Supporting our Community’s Most Vulnerable
Thrive DC serves 200 – 250 homeless and vulnerable individuals every day who turn to us for critical support. Services range from twice daily meals and weekly emergency groceries, to assistance finding housing and support finding employment, to connections to legal aid and opportunities for health screenings, to intensive job training and access to computers, laundry and showers.
For more information on what we offer clients in need, please read below!
Thrive DC serves more than 150 people each morning for breakfast.
During that time clients can take showers, do laundry, access their mail and use the phone, receive emergency groceries, and enjoy community in a safe, welcoming atmosphere. Click here for more information.
Thrive DC’s Evening Program offers a safe, peer supported environment for women and children.
Since 1979 we have always reserved dinner for women and their dependents, as they often face the greatest challenges in the face of homelessness and poverty.
During the Evening Program, we offer dinner, showers, laundry, emergency groceries, enrichment and therapeutic activities, and a safe place. Click here for more information.
Our popular Computer Lab has 6 Internet connected desktops and is open 5 days a week 10:00 AM – 5:00 PM. We offer:
– Daily access to computers to connect with family and search for jobs;
– Tuesday, Wednesday, and Thursday computer lab workshops from 1:00 PM – 3:00 PM for resume and cover letter writing, job searching, and applying for jobs.
For more information on our Computer Lab, click here.
In some cases homelessness may be temporary, while in others it is a chronic challenge. Whatever the reason, homelessness cannot be solved through the provision of meals and supplies alone.
We work to uncover the reasons why an individual has become destabilized and provide the necessary training, education, and ongoing support needed to regain their independence. For that reason, we offer:
– One-on-one case management and employment support
– Workshops in foundational skills and job readiness
– Resume writing and job search support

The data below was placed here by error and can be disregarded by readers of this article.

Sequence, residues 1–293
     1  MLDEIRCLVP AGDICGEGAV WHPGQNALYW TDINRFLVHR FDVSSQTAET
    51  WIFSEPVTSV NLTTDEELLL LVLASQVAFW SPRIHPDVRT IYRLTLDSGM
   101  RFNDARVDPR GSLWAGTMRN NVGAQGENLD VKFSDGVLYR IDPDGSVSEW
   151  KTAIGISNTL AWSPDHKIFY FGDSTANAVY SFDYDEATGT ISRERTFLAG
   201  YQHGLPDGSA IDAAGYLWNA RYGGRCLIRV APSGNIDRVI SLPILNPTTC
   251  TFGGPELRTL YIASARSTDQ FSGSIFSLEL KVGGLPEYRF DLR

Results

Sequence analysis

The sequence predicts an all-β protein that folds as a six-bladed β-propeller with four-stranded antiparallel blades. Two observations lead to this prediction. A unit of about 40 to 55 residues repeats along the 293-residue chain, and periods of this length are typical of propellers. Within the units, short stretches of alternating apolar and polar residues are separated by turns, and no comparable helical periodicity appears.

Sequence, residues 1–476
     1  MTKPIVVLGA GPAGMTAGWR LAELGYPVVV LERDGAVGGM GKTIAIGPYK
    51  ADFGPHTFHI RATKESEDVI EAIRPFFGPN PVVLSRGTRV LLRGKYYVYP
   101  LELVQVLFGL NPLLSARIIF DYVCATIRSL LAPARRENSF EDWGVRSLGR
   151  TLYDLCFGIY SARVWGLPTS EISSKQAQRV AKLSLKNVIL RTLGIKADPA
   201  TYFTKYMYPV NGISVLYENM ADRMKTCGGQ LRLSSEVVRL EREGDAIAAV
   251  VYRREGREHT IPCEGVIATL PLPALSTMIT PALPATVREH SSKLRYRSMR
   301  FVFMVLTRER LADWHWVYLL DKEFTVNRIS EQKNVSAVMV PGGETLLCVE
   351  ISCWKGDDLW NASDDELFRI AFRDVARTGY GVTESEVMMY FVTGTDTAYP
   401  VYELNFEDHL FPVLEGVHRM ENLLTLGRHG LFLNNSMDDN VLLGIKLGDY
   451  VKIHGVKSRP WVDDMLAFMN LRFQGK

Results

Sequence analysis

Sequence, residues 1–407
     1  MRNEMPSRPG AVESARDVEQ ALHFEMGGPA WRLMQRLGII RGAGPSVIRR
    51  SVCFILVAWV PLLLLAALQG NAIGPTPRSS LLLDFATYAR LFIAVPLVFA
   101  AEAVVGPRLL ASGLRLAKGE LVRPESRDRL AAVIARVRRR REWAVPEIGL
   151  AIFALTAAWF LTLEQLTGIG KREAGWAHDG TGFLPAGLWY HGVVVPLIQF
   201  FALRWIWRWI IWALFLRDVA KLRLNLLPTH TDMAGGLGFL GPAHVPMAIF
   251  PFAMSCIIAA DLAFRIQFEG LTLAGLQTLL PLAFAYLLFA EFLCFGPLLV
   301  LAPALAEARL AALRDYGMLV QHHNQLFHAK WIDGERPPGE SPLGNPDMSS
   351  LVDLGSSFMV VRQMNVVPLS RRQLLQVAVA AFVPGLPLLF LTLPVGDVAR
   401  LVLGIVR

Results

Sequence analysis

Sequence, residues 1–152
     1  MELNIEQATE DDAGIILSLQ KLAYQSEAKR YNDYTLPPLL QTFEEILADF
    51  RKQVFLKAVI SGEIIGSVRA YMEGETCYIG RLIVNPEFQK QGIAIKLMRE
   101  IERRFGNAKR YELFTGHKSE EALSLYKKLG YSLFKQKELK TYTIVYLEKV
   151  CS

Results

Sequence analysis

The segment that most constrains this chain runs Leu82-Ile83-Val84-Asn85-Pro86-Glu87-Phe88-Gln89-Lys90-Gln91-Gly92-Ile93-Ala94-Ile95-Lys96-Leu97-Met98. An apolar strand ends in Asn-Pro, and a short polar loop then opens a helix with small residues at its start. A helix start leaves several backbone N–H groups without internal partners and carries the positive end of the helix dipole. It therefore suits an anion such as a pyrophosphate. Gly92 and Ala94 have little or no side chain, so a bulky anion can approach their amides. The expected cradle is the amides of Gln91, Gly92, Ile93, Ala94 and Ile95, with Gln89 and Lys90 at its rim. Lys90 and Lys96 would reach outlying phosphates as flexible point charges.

– 23 weeks of intensive employment training
For more information on our Employment Program, click here.
New Directions is designed to assist men and women who have been recently incarcerated, and/or released from jail or prison, on the road to becoming successful. We offer:
-Basic needs assistance (meals, toiletries, referrals for clothing and food)
-Life skills education
-Access to sobriety maintenance assistance and support
For more information on our New Directions program, click here.
Thrive DC believes that every person, no matter their circumstances, should be treated with respect and dignity.
For those struggling with substance abuse and/or addiction we offer:
-One-on-one counseling, case management, and treatment referrals
-Weekly Men’s Substance Abuse Education (Wednesday) 10:30 AM – 11:30 AM
-Weekly Women’s Substance Abuse Education (Friday) 2:00 PM – 3:00 PM
-12 different topics of discussion (12 weeks)
For more information about substance abuse counseling, please click here.
Many of our clients are dealing with internal trauma and emotional barriers that keep them from moving forward. That’s why we’re proud to occasionally offer services like music & art therapy, garden group, comedy group, and other peer support networks that help our clients take their next step out of homelessness together.
Hours Available: Wednesday-Friday from 11am-3pm
We are now able to offer victim services to our clients through support, referrals, and connecting clients to services if they have been a victim of a crime.
The purpose of this program is to provide victims of violence with specific resources to improve their quality of life. Victim services includes resources and referrals for homeless victims of crime in the last 3 months from the day they share the event of a crime with us. This includes (but is not limited to): assault and battery, property damage, sexual assault, stalking, domestic violence, hate crime, harassment, theft, and other violent crime.
Fatal assaults against people experiencing homelessness outnumber hate-crimes against all protected classes combined. Between 1999 and 2015, at least 1,657 homeless individuals were violently attacked, in many cases because of their housing status, according to a report by the National Coalition for the Homeless. This is only including those that are reported.
Homeless victims have rights. We’re going to be talking more about how we’re providing support for our clients while bringing public awareness to this issue.